60 Minutes interviews Esperance Ebola nurse Anne Carey

Brave: Anne Carey recalled her experiences working in Sierra Leone on 60 Minutes. Photo: WIN Network.
Brave: Anne Carey recalled her experiences working in Sierra Leone on 60 Minutes. Photo: WIN Network.

COMFORTING a woman who had just lost her seventh child – a four-week-old – to Ebola is just one of the many stories Esperance nurse Anne Carey has shared with the nation on current affairs program 60 Minutes.

Ms Carey, 56, was one of the first Australians to arrive in Sierra Leone as the disease spread across west Africa.

Her story was aired on 60 Minutes on Sunday night.

Interviewed during her third trip volunteering with the Red Cross, Ms Carey described Ebola as an “unfair bully” because it did not discriminate against who it chose as its next victim.

“It takes everybody, it doesn't matter who you are,” she said during the 60 Minutes interview.

“If you let it in, it will take you.”

In terrifying footage taken from inside the ‘Ebola death zone’, audiences had a rare opportunity to see the devastating impact of the virus.

Of 23,000 people infected with the disease, at least 10,000 are known to have died from the side effects of Ebola, which critically weakened the immune system and caused organ failure.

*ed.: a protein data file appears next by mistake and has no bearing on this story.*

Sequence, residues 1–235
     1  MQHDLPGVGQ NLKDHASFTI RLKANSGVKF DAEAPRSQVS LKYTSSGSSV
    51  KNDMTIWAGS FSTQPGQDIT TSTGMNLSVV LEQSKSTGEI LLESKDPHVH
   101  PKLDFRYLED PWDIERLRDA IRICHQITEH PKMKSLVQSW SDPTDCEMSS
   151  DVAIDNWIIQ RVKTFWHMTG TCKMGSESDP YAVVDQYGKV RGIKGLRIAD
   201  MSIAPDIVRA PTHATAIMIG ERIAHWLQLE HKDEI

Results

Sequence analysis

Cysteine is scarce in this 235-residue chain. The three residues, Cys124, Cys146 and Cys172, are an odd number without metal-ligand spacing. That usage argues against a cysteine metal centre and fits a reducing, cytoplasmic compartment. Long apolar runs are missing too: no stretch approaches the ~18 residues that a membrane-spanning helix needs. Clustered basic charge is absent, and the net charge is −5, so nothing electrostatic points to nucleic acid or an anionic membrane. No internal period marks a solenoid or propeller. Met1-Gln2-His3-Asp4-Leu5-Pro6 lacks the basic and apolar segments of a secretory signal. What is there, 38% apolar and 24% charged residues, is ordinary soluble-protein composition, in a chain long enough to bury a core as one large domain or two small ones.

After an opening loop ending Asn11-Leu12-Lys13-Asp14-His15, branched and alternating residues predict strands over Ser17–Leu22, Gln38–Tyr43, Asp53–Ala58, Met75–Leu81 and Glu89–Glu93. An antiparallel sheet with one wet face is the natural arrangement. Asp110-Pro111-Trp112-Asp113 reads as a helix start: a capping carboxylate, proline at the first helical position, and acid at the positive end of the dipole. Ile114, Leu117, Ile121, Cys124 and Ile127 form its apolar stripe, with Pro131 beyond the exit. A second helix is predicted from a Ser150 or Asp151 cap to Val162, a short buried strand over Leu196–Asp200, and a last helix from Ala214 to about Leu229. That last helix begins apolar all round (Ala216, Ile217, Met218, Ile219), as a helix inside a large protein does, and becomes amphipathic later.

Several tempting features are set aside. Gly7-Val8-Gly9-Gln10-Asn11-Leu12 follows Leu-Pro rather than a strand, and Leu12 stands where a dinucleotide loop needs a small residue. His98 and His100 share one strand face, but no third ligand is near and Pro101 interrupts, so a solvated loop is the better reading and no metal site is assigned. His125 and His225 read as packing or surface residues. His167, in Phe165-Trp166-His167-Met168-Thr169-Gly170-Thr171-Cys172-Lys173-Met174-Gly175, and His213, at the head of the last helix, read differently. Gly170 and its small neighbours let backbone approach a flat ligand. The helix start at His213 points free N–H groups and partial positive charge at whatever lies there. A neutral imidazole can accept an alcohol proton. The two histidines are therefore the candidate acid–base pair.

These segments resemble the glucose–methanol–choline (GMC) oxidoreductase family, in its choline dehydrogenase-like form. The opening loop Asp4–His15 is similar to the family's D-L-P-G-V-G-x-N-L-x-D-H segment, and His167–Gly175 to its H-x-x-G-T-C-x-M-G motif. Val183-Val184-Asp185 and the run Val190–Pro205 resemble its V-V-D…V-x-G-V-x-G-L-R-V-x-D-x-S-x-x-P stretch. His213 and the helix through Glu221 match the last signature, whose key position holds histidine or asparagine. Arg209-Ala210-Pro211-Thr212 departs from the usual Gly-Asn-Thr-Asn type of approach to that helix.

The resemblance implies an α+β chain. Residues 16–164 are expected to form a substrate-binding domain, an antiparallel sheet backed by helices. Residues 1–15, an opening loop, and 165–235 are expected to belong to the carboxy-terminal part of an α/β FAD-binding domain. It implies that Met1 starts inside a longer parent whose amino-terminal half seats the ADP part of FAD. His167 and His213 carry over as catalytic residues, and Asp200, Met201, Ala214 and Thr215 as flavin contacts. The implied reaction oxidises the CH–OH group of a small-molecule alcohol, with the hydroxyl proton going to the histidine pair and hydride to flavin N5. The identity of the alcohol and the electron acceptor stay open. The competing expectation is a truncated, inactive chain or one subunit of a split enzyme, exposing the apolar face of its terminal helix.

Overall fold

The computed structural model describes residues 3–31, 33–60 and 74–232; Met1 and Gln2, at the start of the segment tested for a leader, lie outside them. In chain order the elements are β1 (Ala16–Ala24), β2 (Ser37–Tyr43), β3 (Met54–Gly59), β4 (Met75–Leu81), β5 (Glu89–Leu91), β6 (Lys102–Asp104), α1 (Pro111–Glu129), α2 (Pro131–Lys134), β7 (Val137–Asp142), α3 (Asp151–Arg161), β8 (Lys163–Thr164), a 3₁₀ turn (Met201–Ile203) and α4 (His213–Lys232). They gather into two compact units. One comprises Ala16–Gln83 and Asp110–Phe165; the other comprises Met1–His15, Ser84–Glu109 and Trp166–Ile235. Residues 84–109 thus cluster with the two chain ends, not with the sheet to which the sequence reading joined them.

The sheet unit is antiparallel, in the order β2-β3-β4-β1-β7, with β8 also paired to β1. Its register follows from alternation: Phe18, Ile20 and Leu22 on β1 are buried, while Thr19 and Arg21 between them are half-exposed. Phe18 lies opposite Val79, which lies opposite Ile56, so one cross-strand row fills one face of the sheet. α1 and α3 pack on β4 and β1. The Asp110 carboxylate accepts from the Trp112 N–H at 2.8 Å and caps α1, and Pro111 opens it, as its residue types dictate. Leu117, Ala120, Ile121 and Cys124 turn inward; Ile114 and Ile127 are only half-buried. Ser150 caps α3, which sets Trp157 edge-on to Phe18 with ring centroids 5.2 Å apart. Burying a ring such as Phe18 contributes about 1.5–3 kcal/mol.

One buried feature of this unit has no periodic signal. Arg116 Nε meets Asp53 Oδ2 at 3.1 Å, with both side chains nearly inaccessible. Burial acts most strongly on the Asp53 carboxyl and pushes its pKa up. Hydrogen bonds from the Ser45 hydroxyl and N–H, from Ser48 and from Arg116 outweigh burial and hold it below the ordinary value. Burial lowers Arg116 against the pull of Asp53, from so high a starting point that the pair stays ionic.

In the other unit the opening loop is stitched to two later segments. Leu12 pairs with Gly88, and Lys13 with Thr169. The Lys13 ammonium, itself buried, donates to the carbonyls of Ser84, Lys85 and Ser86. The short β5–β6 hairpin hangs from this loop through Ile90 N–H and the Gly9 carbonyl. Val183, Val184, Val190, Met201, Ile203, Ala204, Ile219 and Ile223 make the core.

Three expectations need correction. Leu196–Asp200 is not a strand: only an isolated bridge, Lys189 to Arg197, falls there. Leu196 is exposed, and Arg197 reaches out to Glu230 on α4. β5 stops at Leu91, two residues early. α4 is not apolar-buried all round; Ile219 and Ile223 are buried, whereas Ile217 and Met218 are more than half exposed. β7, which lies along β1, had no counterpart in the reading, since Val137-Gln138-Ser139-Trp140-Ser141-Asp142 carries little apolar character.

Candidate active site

During the interview Ms Carey said she had witnessed countless deaths of parents and children, describing her experience comforting a woman who had just watched her last remaining, four-week-old child bleed to death.

The women had lost all seven of her children to the disease.

“When this child died, she had nothing to live for,” she said.

Ms Carey felt all she could do was hold her hand and hope she was offering some sort of comfort to the grieving woman.

Speaking with 60 Minutes reporter Michael Usher, Ms Carey said her role was as much about emotional care as medical treatment.

“There comes a point where you know they’re going to die, so there’s not much point in trying anything else other than pain relief for them,” she said.

“You get used to that look when people are going to die.

“If you know someone is going to die, you can spend 40 minutes more [with them] so they’re not so scared.”

Ebola is transmitted through bodily fluids, meaning one touch from an unprotected person could be deadly.

Yet, Ms Carey has bravely worked to take blood from sick patients, armed with just a plastic protective suit and the litres of chlorine used to sanitise the makeshift medical facility.

During the program Ms Carey said comprehending the feelings of loss and grief was not something she had come to terms with yet.

“I think there will be a time where I will grieve later on, but while you’re here there’s not a time to do that,” Ms Carey said.

“By wearing the suit I think it shields you a little bit – shields your heart and head from your emotions to deal with that later.”

Ms Carey’s partner, local doctor Donald Howarth, said while he worried about her safety, he understood her cause.

“One of the great privileges of being a health worker is that you watch a lot of people die, and it makes you a lot more philosophical about how you’re using your own time,” he said.

Despite receding from media coverage, Ebola prevails, but Ms Carey remained positive the fight against the virus would be won.

“I feel like we’re going to win the war,” she said.

“I think in the end we’ll get there.”

You can watch the full interview here.